Menard and Newman made the Chase in 2015 without winning a race. We’ll wait and see as the drivers in 15th and 16th aren’t inspiring a whole lot of confidence either.
Ryan Blaney, Up 10
Ryan Blaney, the rookie in the shadows, earned a big top 10 in Vegas, one he hopes will set the tone for the remainder of the season.
"This was very significant," Blaney said in Joe Menzer’s FoxSports.com story. "Especially after Atlanta last week, getting spun out on the last lap. (That) kind of got us down a lot. To come here and have a solid run all day really ups the spirits. This team is working very well together."
Given the sheer volume of 1 ½-mile tracks on the circuit, that finish means Blaney should run in the top 16 most weeks, and that will put him in the Chase (if he can sustain it).
Matt Kenseth, Down 10
This fall hurts.
Matt Kenseth, who has had some of the worst luck through three races, fell from 12th to 22nd after Chase Elliott horribly rear-ended him at Vegas.
"I just turned off in there, and it just spun out before I knew what happened," said Kenseth in Tom Jensen’s FoxSports.com story.
The good news for Kenseth is that he has the team and the talent to pick off a win somewhere. He doesn’t necessarily have to worry about points, but the pressure will mount if he doesn’t strike Victory Lane soon.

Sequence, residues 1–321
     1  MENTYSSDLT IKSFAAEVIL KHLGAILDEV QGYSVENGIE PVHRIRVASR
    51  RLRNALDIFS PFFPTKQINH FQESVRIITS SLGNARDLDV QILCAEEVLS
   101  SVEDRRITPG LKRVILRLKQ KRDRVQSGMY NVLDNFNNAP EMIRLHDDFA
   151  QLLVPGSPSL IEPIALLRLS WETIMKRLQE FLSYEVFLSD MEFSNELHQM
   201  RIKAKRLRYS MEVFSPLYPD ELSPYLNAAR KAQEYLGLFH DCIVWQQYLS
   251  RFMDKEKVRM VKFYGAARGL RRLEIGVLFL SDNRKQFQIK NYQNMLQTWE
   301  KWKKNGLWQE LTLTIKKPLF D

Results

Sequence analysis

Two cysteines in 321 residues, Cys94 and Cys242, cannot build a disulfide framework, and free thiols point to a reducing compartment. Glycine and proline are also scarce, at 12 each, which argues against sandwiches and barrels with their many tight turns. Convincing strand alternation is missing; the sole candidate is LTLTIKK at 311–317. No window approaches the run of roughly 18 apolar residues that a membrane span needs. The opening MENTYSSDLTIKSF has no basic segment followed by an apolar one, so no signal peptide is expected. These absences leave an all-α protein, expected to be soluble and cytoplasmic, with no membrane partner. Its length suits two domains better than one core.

FRR Withdraws Appear of Cole Pearn
These are never the types of vacations you want, but it appears Cole Pearn, crew chief to the No. 78 car, will serve his suspension for a roof-flap violation following the Atlanta race, according to NASCAR.com's Kenny Bruce.
Joe Gibbs Racing, which has an alliance with Furniture Row, ships director of fabrications Todd Berrier to the No. 78 pit box for the race in Phoenix.
FRR team president Joe Garone said, per Bruce, “Todd knows our system very well. He has worked with Martin, Cole, the majority of our crew and Toyota.”
It’s only the fourth race of the season, and Martin Truex is driving like a champion. Serving this suspension quickly puts it in the past and allows the No. 78 team to resume regular activity in Fontana.
Will Kevin Harvick’s Dominance Continue?
Harvick has won five of the last seven runnings at PIR and finished second and 13th in the other two during that stretch.
But there’s a wrench that could jam up the gears for Harvick at PIR. USA Today’s Brant James wrote, “Unless the new lower downforce package completely invalidates crew chief Rodney Childers’ notes and Harvick’s feel for the place, he should be expected to thrive there again.”
That said, Harvick’s been driving fine so far this year, good enough to be third in the standings.
Then again, maybe things aren’t as good. He’s the master of leading laps, and this year, he’s led only 132 laps for 16.5 percent of all laps driven.
The past two seasons, he led 21 and 23 percent of all laps. No cause for alarm; just food for thought.
What’s the Status of Tony Stewart’s Back?